Kadri, Duflos, Preux, Canu, DavyDefinition 2 A Hilbert space F of functions from Gxto Gy is called a reproducing kernel Hilbert space ifthere is a nonnegative L(G y )-valued kernel KF (w, z)on Gx such that:i. the function z 7 KF (w, z)g belongs to F forevery choice of w Gx and g Gy ,ii. for every f F, hf, KF (w, .)giF hf (w), giGy .2.2The representer theoremIn this section, we state and prove an analog of therepresenter theorem for functional data.Theorem 3 Let F a functional reproducing kernelHilbert space. Consider an optimization problem basedin minimizing the functional Jλ (f ) deﬁned by equation 1. Then, the solution f F has the followingrepresentation:On account of (ii), the kernel is called the reproducingkernel of F, it is uniquely determined and the functionsin (i) are dense in F.Theorem 1 If a Hilbert space F of functions on Gyadmits a reproducing kernel, then the reproducing kernel KF (w, z) is uniquely determined by the Hilbertspace F.Elements of Proof. Let KF (w, z) be a reproducingkernel of F. Suppose that there exists another kernel0KF(w, z) of F. Then, for all w, w0 , h and g Gx , applying the reproducing property for K and K 0 we gethK 0 (w0 , .)h, K(w, .)giF hK 0 (w0 , w)h, giGy . We showalso that hK 0 (w0 , .)h, K(w, .)giF hK(w0 , w)h, giGy .Theorem 2 A L(G y )-valued kernel KF (w, z) on Gxis the reproducing kernel of some Hilbert space F, ifand only if it is positive deﬁnite.Elements of Proof. Necessity. Let KF (w, z), w, z Gx be the reproducing kernel of a Hilbert space F. Using the reproducing property of the kernel KF (w, z) wenn obtainhKF (wi , wj ), uj iGy kKF (wi , .)ui k2Fi,j 1i 1for any {wi , wj } Gx , and {ui , uj } Gy .Suﬃciency. Let F0 the space of all Gy -valued functionsn f of the form f (.) KF (wi , .)αi where wi Gx andi 1αi Gy , i 1, . . . , n. We deﬁne the inner product ofthe functions f and g from F0 as follows:hf (.), g(.)iF0 h n i 1n KF (wi , .)αi ,i,j 1n j 1KF (zj , .)βj iF0hKF (wi , zj )αi , βj iGyf (.) 376KF (xi , .)βii 1with βi Gy .0Elements of proof. We compute Jλ (f ) using thedirectional derivative deﬁned by:Dh Jλ (f ) limτ 0Jλ (f τ h) Jλ (f )τSetting the result to zero and using the fact thatDh Jλ (f ) h Jλ (f ), hi complete the proof of the theoremWith regards to the classical representer theorem inthe case of real RKHS’s, here the kernel K is an operator, and the “weights” βi are functions (from Gx toGy ).3Functional nonlinear regressionIn this section, we detail the method used to computethe regression function of functional data. To do this,we assume that the regression function belongs to a reproducing kernel functional Hilbert space constructedfrom a positive functional kernel. We already shownin theorem 2 that it is possible to construct a prehilbertian space of functions in real Hilbert space froma positive functional kernel and with some additionalassumptions it can be completed to obtain a reproducing kernel functional Hilbert space. Therefore, itis important to consider the problem of constructingpositive functional kernel.3.1We show that (F0 , h., .iF0 ) is a pre-Hilbert space. Thenwe complete this pre-Hilbert space via Cauchy sequences to construct the Hilbert space F of Gy -valuedfunctions. Finally, we conclude that F is a reproducing kernel Hilbert space, since F is a real inner productspace that is complete under the norm k.kF deﬁned bykf (.)kF lim kfn (.)kF0 , and has KF (., .) as repron ducing kernel.n Construction of the functional kernelIn this section, we discuss the construction of functional kernels KF (., .). To construct a functional kernel, one can attempt to build an operator T h L(G y )from a function h Gx (Canu et al., 2003). We call hthe characteristic function of the operator T h (Rudin,1991). In this ﬁrst step, we are building a functionf : Gx L(G y ). The second step may be achievedin two ways. Either we build h from a combinationof two functions h1 and h2 in H, or we combine two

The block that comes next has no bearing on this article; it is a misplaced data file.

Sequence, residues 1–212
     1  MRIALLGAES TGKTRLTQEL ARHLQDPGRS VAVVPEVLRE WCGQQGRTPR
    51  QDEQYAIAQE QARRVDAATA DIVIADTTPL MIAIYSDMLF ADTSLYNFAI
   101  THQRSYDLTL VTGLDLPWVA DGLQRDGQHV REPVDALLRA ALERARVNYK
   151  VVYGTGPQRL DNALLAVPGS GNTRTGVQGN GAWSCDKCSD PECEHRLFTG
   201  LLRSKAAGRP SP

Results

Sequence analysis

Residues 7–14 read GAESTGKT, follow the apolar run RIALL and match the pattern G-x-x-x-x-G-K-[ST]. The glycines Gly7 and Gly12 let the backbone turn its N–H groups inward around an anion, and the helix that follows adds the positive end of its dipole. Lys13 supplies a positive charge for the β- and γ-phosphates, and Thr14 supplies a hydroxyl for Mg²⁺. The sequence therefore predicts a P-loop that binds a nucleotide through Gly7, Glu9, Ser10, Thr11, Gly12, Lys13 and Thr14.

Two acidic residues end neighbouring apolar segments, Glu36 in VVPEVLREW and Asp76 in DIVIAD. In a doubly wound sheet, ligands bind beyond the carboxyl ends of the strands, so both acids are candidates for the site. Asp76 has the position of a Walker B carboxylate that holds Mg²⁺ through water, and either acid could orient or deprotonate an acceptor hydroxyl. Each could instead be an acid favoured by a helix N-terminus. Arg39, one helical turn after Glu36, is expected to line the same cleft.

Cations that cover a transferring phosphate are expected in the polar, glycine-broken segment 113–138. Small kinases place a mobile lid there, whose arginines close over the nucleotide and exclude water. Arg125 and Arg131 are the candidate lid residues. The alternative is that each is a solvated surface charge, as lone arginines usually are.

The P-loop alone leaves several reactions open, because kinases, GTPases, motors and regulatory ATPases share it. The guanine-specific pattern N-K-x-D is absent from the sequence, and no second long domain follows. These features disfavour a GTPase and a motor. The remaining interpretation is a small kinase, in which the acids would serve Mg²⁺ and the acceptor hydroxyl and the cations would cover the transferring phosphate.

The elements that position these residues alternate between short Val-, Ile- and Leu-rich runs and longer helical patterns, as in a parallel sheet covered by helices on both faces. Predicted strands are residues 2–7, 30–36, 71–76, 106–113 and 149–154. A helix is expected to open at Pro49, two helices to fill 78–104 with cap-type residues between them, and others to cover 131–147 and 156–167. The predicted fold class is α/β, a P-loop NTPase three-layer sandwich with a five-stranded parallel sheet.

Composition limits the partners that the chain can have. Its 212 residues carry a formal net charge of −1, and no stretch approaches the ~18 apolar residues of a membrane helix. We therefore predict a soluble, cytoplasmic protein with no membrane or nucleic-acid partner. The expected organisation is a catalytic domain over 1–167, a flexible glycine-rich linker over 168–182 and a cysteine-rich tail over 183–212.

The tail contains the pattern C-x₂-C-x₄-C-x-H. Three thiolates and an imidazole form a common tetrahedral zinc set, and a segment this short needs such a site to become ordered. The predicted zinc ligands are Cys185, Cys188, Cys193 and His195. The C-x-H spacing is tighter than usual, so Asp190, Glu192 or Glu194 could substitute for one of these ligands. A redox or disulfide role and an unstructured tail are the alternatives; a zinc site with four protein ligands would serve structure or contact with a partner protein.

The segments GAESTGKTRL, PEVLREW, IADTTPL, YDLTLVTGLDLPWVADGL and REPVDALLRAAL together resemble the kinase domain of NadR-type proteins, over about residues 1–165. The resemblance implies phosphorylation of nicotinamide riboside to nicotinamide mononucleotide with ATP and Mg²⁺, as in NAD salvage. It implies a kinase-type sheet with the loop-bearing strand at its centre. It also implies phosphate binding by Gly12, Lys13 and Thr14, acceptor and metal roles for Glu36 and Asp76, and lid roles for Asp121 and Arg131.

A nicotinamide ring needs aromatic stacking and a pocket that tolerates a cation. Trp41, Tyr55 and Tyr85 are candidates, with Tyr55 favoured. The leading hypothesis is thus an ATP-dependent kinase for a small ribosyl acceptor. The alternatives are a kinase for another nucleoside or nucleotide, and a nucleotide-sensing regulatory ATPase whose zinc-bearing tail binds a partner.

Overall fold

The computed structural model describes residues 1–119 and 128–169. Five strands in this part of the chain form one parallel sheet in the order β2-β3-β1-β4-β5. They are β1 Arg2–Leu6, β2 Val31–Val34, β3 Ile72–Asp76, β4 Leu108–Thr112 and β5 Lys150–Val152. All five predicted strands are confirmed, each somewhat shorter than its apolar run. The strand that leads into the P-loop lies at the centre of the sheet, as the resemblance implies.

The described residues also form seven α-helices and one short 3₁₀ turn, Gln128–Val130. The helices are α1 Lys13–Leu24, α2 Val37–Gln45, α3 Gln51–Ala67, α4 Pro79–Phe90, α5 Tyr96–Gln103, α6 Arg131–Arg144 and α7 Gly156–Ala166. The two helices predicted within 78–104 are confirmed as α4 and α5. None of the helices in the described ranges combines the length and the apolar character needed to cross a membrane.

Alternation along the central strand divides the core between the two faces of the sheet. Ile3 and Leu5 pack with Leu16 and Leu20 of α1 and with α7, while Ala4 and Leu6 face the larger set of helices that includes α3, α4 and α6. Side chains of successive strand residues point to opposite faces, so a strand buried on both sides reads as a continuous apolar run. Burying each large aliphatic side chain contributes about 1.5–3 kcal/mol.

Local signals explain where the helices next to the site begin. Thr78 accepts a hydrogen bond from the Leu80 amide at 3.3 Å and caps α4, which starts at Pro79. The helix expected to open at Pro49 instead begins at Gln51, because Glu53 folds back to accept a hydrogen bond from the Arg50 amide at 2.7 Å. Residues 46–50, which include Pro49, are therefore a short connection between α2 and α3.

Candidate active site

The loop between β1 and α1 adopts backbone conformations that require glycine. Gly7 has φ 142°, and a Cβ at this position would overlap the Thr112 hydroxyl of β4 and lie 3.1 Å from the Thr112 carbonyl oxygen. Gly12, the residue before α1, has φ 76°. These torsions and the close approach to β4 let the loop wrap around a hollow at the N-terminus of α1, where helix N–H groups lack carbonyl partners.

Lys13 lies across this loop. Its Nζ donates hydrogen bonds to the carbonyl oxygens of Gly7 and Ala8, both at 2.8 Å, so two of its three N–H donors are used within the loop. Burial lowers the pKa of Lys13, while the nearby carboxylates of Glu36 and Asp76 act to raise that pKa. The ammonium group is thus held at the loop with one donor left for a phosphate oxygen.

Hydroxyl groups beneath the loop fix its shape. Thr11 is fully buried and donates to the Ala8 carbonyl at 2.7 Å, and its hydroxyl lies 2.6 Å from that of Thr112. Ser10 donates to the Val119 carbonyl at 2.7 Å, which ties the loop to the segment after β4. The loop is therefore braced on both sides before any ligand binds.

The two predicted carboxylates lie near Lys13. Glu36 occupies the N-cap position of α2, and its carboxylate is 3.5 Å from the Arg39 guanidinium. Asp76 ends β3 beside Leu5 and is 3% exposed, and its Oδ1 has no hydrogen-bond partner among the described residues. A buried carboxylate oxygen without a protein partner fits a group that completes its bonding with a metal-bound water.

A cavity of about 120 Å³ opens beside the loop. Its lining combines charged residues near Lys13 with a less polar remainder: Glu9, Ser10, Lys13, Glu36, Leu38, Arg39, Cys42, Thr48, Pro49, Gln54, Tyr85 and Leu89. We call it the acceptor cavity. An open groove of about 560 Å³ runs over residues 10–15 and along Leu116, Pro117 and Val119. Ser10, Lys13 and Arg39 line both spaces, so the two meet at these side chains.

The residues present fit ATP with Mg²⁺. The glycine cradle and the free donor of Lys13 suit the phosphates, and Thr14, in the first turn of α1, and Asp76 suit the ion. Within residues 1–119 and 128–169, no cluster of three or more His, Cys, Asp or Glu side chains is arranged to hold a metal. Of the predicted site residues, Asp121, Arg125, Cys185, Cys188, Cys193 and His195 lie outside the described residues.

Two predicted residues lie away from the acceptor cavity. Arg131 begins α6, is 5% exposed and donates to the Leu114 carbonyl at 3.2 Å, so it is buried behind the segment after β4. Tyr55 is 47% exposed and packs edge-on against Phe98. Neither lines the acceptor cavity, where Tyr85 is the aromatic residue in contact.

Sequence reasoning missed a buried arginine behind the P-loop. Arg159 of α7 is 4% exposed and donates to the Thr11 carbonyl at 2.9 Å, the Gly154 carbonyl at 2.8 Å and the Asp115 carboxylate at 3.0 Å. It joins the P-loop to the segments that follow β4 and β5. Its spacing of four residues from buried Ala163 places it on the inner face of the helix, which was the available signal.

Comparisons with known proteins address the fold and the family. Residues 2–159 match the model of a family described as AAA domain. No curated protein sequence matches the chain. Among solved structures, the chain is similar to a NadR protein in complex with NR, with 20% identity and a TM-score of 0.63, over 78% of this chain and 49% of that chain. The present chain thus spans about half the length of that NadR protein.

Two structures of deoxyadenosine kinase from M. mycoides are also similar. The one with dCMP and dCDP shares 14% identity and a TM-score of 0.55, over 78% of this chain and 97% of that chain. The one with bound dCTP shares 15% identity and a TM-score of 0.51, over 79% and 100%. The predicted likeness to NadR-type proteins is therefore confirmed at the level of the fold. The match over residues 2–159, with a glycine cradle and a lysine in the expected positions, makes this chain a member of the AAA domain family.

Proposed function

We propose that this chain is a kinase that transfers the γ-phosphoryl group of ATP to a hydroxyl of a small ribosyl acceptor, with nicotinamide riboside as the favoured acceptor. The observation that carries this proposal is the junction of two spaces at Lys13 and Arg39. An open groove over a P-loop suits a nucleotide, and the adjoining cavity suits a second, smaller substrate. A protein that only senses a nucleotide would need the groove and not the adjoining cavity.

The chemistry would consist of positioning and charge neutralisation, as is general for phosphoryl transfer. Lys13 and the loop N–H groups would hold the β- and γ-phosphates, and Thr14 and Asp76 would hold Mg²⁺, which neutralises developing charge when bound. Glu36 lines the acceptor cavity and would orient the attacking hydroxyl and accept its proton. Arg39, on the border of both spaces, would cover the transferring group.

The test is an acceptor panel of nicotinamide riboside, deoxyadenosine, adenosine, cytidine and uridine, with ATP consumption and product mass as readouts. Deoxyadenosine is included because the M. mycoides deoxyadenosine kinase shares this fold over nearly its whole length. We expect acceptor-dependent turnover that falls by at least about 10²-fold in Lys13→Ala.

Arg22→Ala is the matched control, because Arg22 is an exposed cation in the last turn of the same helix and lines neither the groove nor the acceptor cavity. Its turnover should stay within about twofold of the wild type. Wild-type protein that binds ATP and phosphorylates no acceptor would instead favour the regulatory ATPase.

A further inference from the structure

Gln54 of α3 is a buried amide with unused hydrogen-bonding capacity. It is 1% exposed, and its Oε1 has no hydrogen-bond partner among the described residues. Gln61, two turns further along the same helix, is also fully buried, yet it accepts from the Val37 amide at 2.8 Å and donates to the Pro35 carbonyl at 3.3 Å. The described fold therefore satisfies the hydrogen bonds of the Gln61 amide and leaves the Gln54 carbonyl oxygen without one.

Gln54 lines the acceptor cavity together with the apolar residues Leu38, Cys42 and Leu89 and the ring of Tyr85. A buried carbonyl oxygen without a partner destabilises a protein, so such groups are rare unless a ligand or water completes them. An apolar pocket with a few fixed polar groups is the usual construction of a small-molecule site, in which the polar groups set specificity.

Nonlinear functional regression: a functional RKHS approachoperators created in the ﬁrst step using the two characteristic functions h1 and h2 . The second way is morediﬃcult because it requires the use of a function whichoperates on operator variables. Therefore, in this workwe only deal with the construction of functional kernels using a characteristic function created from twofunctions in Gx .The choice of the operator T h plays an important rolein the construction of a functional RKHS. Choosing Tpresents two major diﬃculties. Computing the adjointoperator is not always easy to do, and then, not alloperators verify the Hermitian condition of the kernel.The kernel must be nonnegative: this property is givenaccording to the choice of the function h. The Gaussian kernel is widely used in real RKHS. Here, we discuss the extension of this kernel to functional data domains. Suppose that Ωx Ωy and then Gx Gy G.Assuming that G is the Hilbert space L 2 (Ω) over R endowed with an inner product hφ, ψi Ω φ(t)ψ(t)dt, aL(G)-valued gaussian kernel can be written as:KF : G Gx, y(KF (y, x) z)(t) T exp(c (y x) ) z(t) exp(c (x(t) y(t))2 z(t) (KF (x, y)z)(t)2The nonnegativity of theas follows. Let K(x, y)T exp(β xy) . We show usingexponential function thatβ2kernel KF can be shownbe the kernel deﬁned bya Taylor expansion for theK is a nonnegtive kernel.2T exp(β xy) T 1 βxy 2! (xy) . for all β 0, thus itis suﬃcient to show that T βxy is nonnegative to obtaintheof K. It is not diﬃcult to verify that nonnegativityhT βwi wj ui , uj i β k wi ui k2 0 which impliesithat T βxy is nonnegative. Now take Using the functional exponential kernel deﬁned in thesection 3.1, we are able to solve the minimization problemminn f F i 1kyi f (xi )k2Gy λkf k2Fusing the representer theoremnn minkyi KF (xi , xj )βj k2Gyβi i 1n j 1 λkj 1KF (., xj )βj k2Fusing the reproducing propertynn minkyi KF (xi , xj )βj k2βi i 1n (KF (xi , xj )βi , βj )Gi,jn minj 1βi i 1kyi n j 1cij βj k2Gy λn hcij βi , βj iGi,jThe operator cij is computed using the function parameter h of the kernelIt easy to see that hT h x, yi hx, T h yi, then T h is aself-adjoint operator. Thus KF (y, x) KF (y, x) andKF is Hermitian sinceKF (x, y)Regression function estimate λ G7 Txh ; Txh (t) h(t)x(t)i,j3.2 L(G)27 T exp(c.(x y) )where c 0 and T h L(G) is the operator deﬁnedby:Th : GxSince K is nonnegative, we conclude that the kernel2KF (x, y) T exp(c.(x y) ) is nonnegative. It is alsoHermitian and then KF is the reproducing kernel of afunctional Hilbert space.2T exp(c (x y) )22T exp(c y ). exp( 2c xy). exp(c x )22T exp(c y ) T exp( 2c xy) T exp(c x )then 2hKF (wi , wj )ui , uj i hT exp(c (wi wj ) ) ui , uj ii,ji,j 22 hT exp(c wj ) T exp( 2c wi wj ) T exp(c wi ) ui , uj ii,j 22 hT exp( 2c wi wj ) T exp(c wi ) ui , T exp(c wj ) uj i 0cij h(xi , xj ) exp(c(xi xj )2 ) , c R We note that the minimization problem becomes alinear multivariate regression problem of yi on cij .In practice the functions are not continuously measured but rather obtained by measurements at discretepoints, {t1i , . . . , tpi } for data xi ; then the minimizationproblem takes the following form.minβipn (yi (tli ) i 1 l 1pn λi,j l377j 1)2cij (tlij )βj (tlj )(2)cij (tlij )βi (tli )βj (tlj )The expression (2) looks similar to the ordinarysmoothing spline estimation (Lian, 2007; Wahba,1990). A speciﬁc formula for the minimizer of thisexpression can be developed using the same methodas for the computation of the smoothing spline coeﬃcient. Taking the discrete measurement points offunctions x and y, the estimates βbi;1 i n of functionsβi;1 i n can be computed as follows. First, let C bethe np np matrix deﬁned by 1C···0 . .C . 0i,jn ···Cp